BRASILIA (Reuters) - The death of a Supreme Court justice handling corruption accusations against dozens of Brazilian politicians will not derail the country’s biggest ever graft probe but will delay it, handing valuable breathing space to President Michel Temer.
Justice Teori Zavascki was killed in a plane crash on Thursday, just weeks before he was due to unveil explosive testimony from executives at engineering group Odebrecht SA that is expected to implicate as many as 200 politicians in a vast kickback scandal.
Postponing the fallout from evidence that could incriminate powerful political figures in his coalition gives the president more time to push through reforms to generous pension and labor rules and restore business confidence in a country stuck in a two-year recession.
“This can give Temer more room to move ahead with his reform agenda in Congress but Zavascki’s death won’t stall or change the course of the investigations,” said Thiago de Aragao, partner at ARKO consultancy that advises corporations and banks on investment in Brazil. “It will just pause it for a while.” Temer, who has himself been named by one defendant as a recipient of illegal campaign funds, has said he will rapidly appoint a new justice who, under Supreme Court rules, would take over Zavascki’s cases.
The nominee would have to be confirmed by the Senate, which could take weeks if not months after Congress returns from its Christmas recess in February.
The new judge would then need to get up to speed on the sprawling corruption investigation, dubbed Operation Car Wash, which is centered on bribes and political kickbacks from state-run companies, principally oil company Petróleo Brasileiro S.A., commonly known as Petrobras.
“Zavascki was ready to resolve Car Wash promptly and take decisions that would clear up who could stay in government or Congress and who had to go,” said Ives Gandra Martins, a constitutional lawyer in Sao Paulo.
Those decisions will be delayed until at least March or April, Martins said, preventing Brazil from turning the page on a corruption probe so massive and complex it paralyzed public sector construction projects and deepened the recession.
That is too long for some Brazilians who want to know which of their leaders were embroiled in the scandal that involved at least 6.4 billion reais ($2 billion) in bribes for contracts with state-run enterprises.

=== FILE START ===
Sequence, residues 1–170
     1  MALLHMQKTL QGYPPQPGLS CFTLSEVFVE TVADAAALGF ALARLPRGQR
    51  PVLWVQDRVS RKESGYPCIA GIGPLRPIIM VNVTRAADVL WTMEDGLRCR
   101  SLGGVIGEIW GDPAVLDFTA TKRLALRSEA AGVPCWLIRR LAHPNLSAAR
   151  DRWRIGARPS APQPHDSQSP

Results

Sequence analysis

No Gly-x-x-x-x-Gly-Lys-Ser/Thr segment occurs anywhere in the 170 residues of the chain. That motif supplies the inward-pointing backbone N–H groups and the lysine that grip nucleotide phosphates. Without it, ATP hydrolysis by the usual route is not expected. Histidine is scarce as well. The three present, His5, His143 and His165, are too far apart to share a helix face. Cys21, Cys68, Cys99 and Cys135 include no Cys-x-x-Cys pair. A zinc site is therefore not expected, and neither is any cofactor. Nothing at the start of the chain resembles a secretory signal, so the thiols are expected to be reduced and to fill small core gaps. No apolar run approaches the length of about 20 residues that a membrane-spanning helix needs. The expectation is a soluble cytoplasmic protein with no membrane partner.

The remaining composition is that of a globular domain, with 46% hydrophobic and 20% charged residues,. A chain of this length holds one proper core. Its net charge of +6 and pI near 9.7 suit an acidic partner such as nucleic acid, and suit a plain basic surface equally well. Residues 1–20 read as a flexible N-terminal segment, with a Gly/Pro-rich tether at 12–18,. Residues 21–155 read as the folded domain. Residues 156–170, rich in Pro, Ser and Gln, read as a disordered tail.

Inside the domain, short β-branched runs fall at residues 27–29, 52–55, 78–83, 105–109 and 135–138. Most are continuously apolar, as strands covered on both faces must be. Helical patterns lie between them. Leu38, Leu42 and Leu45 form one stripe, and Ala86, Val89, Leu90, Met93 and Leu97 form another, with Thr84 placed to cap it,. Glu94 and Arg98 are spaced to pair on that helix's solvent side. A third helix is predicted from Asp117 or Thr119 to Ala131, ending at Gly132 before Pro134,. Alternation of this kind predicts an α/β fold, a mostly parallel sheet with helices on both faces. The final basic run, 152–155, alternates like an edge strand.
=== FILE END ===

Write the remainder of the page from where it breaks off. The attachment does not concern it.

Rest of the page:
In Brazil, federal politicians and other senior officials can only be tried by the Supreme Court.
Given the public’s suspicion of politicians, the Supreme Court should opt for a rule that in urgent cases lets it name a replacement from its ranks, rather than wait for Temer’s nominee, said left-leaning Senator Cristovam Buarque.
“Any presidential choice would be questionable,” Buarque said in a telephone interview. “It has got to be quick. Brazil cannot wait another six months. We want to know what happened and who should be punished.”
At least one justice on the 11-seat court, Marco Aurelio Mello, has come out publicly in favor of one of his peers immediately taking charge of Car Wash.
Though he was appointed by impeached former President Dilma Rousseff, the 68-year-old Zavascki had gained a reputation as independent and willing to target corrupt politicians of any stripe, including Rousseff’s Workers Party.
Police are investigating the crash in which a small, twin-prop plane that was carrying him plunged into the sea south of Rio de Janeiro during heavy rain.
Zavascki’s replacement will have to approve hundreds of plea deal statements by defendants that are expected to shake Brazil’s political establishment to the core.
Temer has already lost four cabinet members to corruption allegations. Several other ministers and leaders of his PMDB party in Congress have been named in Odebrecht plea deals, raising concern about the survival of his government.
Odebrecht S.A. is the holding company for the group’s interests, which include 14 subsidiaries.
“In the short-run, any delay works in Temer’s favor because it will put off the instability that the new accusations will bring,” said Roberto Dias, a constitutional law professor at the FGV think tank in Sao Paulo. “But it’s bad for Brazil.”
For Brazilians dismayed by the scandals that Car Wash has uncovered, Zavascki’s death - whether an accident or not - was just the latest reason to lose faith in their institutions.
“His death will delay the Odebrecht testimony and, depending on who takes over, the Car Wash investigation could take a different course,” said Rio de Janeiro systems analyst Bruno Bokel. “I do not believe in our justice system.”
Additional reporting by Thais Freitas in Sao Paulo and Rodrigo Viga Gaier in Rio de Janeiro; Editing by Daniel Wallis